In a move that strengthens its multi-passenger Lyft Line ride service, Lyft has acquired the San Francisco-based Hitch. The ridesharing service boasted a price less than its competitors, including Lyft, while focusing on the social experience and personal connections of the ride. Complete details of the acquisition weren't stated by either company, but Hitch co-founders Snir Kodesh and Noam Szpiro will be joining Lyft.
Includes former VP Jerry McDougal
Former Apple retail head and later JC Penney CEO Ron Johnson is working on a "high-end, on-demand delivery service" for gadgets, says The Information, citing sources in contact with him. Johnson has allegedly recruited some other former Apple workers, including ex-VP Jerry McDougal. McDougal left Apple at the beginning of 2013; Johnson left JC Penney roughly three months later.
Changing 'market needs and demands' cited for exit
Following continued dismal sales in Europe of computer hardware, electronics giant manufacturer Samsung has ceased sales in the region, effective immediately. The sales stop includes the company's popular Ativ line, as well as the generally-successful Chromebook products by the Korean manufacturer. While the company claims the stop is temporary, no word has been given on when the company may resume sales again.
Cost spread out over four years, expected to bring more than 1,000 jobs to area
Google has said that it is making a four-year investment into the construction of a new data center in the Netherlands. The data center, being built in Eemshaven, will cost the company approximately $772 million to construct (€600 million). The new data center marks the fourth built in Europe, following construction in Ireland, Belgium and Finland.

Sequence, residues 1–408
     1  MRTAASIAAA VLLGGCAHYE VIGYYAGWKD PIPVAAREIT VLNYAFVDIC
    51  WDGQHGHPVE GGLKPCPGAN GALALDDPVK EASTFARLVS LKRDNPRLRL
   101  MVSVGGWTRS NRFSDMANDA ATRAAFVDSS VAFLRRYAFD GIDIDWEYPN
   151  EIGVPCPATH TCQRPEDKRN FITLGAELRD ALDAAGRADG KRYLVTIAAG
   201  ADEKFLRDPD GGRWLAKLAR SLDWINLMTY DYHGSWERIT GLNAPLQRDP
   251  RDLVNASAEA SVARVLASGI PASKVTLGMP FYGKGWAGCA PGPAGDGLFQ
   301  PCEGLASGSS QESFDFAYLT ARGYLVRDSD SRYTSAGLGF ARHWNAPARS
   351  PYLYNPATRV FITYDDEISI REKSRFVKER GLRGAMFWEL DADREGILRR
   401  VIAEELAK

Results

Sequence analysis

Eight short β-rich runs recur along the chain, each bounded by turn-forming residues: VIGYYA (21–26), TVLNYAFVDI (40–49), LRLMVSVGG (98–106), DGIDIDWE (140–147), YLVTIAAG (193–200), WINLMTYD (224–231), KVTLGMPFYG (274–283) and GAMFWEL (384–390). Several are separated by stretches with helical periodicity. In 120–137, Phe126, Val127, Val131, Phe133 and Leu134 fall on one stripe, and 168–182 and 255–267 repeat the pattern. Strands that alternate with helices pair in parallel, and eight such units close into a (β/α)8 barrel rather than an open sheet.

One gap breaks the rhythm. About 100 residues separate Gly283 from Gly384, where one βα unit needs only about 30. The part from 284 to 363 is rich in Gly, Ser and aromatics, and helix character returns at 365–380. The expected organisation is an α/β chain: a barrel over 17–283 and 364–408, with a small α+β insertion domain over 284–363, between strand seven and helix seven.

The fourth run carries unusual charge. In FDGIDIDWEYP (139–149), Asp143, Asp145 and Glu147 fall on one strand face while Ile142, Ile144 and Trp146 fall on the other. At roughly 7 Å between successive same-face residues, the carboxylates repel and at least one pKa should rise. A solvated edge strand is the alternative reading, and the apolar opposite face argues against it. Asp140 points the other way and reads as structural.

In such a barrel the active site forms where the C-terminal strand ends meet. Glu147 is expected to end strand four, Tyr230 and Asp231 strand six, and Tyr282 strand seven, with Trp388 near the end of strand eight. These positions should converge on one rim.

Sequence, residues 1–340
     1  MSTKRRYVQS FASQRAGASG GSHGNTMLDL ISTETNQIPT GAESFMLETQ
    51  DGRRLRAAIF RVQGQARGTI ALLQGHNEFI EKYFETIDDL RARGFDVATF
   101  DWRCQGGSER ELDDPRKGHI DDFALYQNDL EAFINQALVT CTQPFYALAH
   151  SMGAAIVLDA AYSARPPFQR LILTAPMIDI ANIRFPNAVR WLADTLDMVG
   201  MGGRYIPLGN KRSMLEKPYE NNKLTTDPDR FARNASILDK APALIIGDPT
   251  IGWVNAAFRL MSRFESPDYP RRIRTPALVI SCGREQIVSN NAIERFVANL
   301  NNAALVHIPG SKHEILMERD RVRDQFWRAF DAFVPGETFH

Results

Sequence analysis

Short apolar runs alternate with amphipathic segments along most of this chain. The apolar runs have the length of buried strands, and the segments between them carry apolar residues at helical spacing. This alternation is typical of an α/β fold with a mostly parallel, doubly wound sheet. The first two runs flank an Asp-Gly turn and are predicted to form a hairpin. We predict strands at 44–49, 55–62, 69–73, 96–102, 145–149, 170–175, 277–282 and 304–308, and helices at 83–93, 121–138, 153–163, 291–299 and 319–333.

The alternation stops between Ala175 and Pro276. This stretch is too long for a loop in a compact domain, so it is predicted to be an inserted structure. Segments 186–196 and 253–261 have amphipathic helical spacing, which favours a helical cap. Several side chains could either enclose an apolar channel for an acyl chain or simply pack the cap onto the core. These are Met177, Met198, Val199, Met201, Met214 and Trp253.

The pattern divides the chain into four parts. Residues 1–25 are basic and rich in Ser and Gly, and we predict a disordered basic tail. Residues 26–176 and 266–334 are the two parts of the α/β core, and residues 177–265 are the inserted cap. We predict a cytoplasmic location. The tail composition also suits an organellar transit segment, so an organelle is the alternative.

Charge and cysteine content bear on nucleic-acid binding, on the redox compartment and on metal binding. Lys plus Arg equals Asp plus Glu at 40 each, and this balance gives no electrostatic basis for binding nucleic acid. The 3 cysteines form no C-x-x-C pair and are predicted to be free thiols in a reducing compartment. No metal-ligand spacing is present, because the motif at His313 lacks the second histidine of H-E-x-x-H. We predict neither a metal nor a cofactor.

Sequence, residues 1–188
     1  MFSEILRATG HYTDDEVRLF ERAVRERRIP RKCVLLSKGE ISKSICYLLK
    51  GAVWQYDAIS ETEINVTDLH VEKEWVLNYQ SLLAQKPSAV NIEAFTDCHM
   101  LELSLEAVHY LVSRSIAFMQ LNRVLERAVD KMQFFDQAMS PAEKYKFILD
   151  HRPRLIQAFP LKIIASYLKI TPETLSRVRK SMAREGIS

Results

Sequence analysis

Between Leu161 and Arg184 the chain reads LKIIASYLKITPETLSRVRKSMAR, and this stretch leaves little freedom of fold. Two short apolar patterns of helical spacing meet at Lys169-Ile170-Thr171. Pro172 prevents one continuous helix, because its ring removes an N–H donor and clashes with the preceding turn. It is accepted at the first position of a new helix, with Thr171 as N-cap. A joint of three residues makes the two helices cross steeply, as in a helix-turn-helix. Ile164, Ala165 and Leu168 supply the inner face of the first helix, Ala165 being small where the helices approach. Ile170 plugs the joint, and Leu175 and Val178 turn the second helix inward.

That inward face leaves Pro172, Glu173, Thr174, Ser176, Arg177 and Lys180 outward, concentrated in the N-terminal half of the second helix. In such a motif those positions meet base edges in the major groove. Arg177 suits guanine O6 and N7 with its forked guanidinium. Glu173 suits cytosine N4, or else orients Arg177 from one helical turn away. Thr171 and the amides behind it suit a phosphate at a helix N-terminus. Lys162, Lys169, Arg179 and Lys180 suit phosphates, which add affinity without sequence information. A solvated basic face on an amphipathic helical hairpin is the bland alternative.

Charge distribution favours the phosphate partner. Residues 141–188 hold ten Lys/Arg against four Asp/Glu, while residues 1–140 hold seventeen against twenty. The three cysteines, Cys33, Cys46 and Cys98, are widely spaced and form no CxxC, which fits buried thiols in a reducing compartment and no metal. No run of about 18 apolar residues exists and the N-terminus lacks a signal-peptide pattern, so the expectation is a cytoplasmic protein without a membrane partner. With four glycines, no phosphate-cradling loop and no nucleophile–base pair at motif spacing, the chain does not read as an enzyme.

Jack Dorsey encouraged by Apple Pay, does not see it as competition to Square
Square's next generation of payment terminal could allow retailers to accept payments from Bitcoin and Apple Pay, the company head has suggested. In an interview, CEO Jack Dorsey explained that a future version of its cash register system will be able to accept a number of different payment types, on top of the current credit card payments it currently works with.
Bundle combines HBO, HBO Go with local TV channels, Internet
AT&T is following Comcast's lead, in offering a basic service aimed at cord-cutters. The bundle combines a basic television service with Internet at a relatively low cost, and while it copies Comcast in providing HBO and HBO Go under the subscription, it also unusually adds in one year of free Amazon Prime deliveries and Prime Instant Video.
Fourth settlement deal falls through, deal not likely before departure of head
European Commission anti-trust head Joaquin Almunia has called for Google to improve its proposal to mitigate concerns that the search engine is abusing its industry-leading position and manipulating search results. The previous deal struck has now apparently collapsed, leaving the Mountain View, California-based company to start negotiation a new one, or face fines of up to $6 billion if the complaint moves to formal monopoly charges.